Facebook and Instagram Ads
Unlike PPC advertising, Facebook advertising doesn’t show up based on search results. Your ads show up on users’ feeds based on demographics and behaviors.
Before you start running ad campaigns on Facebook or Instagram (both owned by Facebook), you’ll need to set up a business account to sell on Facebook and sell on Instagram. This will give you access to Facebook’s Ads Manager to create posts and run campaigns for both platforms.
The Ads Manager will prompt you through the campaign creation process, and you can choose specific targeted outcomes, like driving traffic to your store or driving purchases directly from Instagram.
Find out which is best for your businesses: Google ads vs Facebook ads.
Use Analytics to Learn How Customers Find Your Store
Tools like Google Analytics track which channels your target customers are using most, so you can focus your marketing efforts on these platforms. For example, if you get a lot of traffic to your furniture store from a blog post about interior design and decorating, you should write more content on that topic. If your Facebook ads are converting more sales, investing in more advertising may be worth it.
To track seller activity better, make sure to do the following:
- Enable the enhanced ecommerce tracking feature for a wide range of insights on your seller activity when you set up Google Analytics with your store. If you use Shopify, review its step-by-step guide on setting up Google Analytics on its platform.
- Create our site’s specific conversion rate on Google Analytics to form data-driven insights on your key buyer groups.
2. Improve the On-Site Customer Experience
Once you generate traffic to your store, make it easy for customers to find what they are looking for and buy it. You can quickly tell if something isn’t adding up by checking your analytics. If your reports show a high number of people visiting your site and leaving without buying, your customer experience may be the reason.
Note: The average ecommerce conversion rate is below 3%—this is a good benchmark to start with. See how your site’s specific conversion rate compares to other sites in your product category to get a sense of how your store is performing.
The most common contributors to a lackluster online shopping website are speed, poor search functionality and product navigation, and a tedious or otherwise unsatisfactory checkout process.
Optimize Ecommerce Site Speed
A Skilled survey showed that almost half (47%) of customers expect your website to be finished loading within two seconds, and nearly two-thirds (64%) of smartphone users expect it to be finished loading within four seconds. As you can see, a second is crucial to an ecommerce business.
To optimize for speed:
- Use website performance tools to check your site speed.
- Use compressed images for your product photos. For example, Shopify recommends 2048×2048 resolution for product images to not distort image quality when a customer zooms in. However, multiple images for one product in that size can slow down a product page. In that case, 800×800 images work just fine.
- Go with ecommerce platforms that enable accelerated mobile pages (AMP). Google created AMP to speed up the mobile web by converting sections of your online store to AMP. It then indexes these pages to promote instant page load time, faster mobile page loads, and higher placements on mobile search results.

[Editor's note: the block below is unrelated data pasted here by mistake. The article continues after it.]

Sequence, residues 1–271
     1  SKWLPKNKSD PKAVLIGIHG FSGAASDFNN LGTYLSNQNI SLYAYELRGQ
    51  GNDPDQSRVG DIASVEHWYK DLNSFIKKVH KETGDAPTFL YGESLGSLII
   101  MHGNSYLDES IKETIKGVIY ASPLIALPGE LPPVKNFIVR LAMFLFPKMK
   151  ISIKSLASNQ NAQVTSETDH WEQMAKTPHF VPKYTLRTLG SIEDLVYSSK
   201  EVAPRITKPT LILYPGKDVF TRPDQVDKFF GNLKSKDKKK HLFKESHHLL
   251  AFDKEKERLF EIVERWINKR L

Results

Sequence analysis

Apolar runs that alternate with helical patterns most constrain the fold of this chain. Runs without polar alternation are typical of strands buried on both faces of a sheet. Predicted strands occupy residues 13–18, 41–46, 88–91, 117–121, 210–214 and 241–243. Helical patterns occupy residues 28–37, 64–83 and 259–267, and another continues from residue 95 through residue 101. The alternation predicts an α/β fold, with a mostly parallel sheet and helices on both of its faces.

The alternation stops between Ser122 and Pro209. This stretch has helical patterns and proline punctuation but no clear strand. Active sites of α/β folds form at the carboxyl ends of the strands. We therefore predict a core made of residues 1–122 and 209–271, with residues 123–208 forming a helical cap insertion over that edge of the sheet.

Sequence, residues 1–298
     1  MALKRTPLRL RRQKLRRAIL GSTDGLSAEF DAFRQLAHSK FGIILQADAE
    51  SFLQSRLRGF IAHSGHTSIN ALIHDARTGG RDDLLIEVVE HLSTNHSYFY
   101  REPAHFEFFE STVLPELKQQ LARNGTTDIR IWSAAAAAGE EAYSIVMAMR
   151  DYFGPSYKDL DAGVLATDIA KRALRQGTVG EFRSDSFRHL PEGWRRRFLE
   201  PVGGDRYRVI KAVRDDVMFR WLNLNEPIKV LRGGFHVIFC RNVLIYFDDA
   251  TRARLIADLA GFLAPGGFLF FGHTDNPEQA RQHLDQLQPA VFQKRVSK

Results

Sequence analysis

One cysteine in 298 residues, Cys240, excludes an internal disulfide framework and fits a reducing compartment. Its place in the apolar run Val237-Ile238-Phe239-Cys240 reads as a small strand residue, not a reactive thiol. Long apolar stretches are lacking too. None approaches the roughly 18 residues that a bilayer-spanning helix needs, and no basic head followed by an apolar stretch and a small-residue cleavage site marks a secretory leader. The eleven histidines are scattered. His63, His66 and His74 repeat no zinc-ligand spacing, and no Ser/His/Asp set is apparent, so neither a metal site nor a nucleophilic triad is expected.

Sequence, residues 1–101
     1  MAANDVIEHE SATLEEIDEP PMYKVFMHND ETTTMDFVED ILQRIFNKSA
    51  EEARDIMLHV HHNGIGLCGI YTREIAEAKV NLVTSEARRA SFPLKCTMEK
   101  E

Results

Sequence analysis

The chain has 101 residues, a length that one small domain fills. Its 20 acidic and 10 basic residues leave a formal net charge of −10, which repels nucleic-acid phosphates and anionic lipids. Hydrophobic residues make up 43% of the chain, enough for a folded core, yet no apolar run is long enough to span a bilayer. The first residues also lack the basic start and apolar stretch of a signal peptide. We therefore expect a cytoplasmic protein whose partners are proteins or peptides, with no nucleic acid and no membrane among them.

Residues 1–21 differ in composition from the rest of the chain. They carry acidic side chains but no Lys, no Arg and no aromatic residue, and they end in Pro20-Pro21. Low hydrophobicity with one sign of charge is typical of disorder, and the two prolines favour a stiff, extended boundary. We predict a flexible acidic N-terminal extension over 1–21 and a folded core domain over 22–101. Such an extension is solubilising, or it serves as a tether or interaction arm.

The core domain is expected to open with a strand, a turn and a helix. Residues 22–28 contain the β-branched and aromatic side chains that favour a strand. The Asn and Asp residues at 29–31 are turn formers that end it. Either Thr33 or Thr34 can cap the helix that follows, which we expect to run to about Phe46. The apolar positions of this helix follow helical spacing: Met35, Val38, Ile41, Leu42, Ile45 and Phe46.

Improve Your Store’s Search and Navigation
SearchNode data shows that roughly 30% to 60% of all ecommerce revenue results from on-site searches. Make it easy for your customers to buy from you by improving product visibility.
There are a few ways to improve product visibility:
- Make your parent and subcategories prominent in your store pages.
- Have a particular category for new products, bestsellers, and sale items or special offers.
- Include a noticeable search bar. Make it better by having your search bar come with an autocomplete feature to make the search easier for customers.
- Have products and subcategories appear under several parent categories. A finding by Measuring Usability revealed that when an item of children’s furniture was included under different interlinked categories, the percentage of customers who successfully found the product increased from 29% to 74%.
Make Your Site Mobile-Responsive
A Statista study shows that for 2020, the number of smartphone users in the US was estimated to reach 294.15 million. Projections show that mobile ecommerce will account for 72.9% of global ecommerce in 2021. In the US, the number is lower—but still impressive—with 53.9% of online sales expected to be generated via mobile in 2021.
You must choose an ecommerce web builder that is mobile-optimized or select a mobile-responsive store theme. It can save you a great deal of time and stress to use a platform that responds well on mobile.
Some mobile-friendly features you need to look out for: responsive design, easy-to-read fonts, optimized images, text formatting, click-to-call option, and optimized buttons for touch screens.
3. Optimize for Conversions
Now that you have generated store traffic and improved your site’s navigation and product visibility, it’s time to make sure sales conversions happen. Shopping statistics show that shipping, additional fees, and taxes are the significant causes of shopping cart abandonment. To optimize sales conversions, consider doing the following:
Streamline Your Checkout Process